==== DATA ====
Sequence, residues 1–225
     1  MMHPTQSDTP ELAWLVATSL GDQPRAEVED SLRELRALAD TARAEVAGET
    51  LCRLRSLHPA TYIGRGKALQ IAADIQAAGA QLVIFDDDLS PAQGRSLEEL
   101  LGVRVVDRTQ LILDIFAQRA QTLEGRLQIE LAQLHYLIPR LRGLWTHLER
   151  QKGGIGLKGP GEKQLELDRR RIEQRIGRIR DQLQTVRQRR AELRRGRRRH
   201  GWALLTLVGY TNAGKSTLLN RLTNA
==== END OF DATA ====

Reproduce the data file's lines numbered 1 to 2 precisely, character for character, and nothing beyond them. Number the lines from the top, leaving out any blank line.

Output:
Sequence, residues 1–225
     1  MMHPTQSDTP ELAWLVATSL GDQPRAEVED SLRELRALAD TARAEVAGET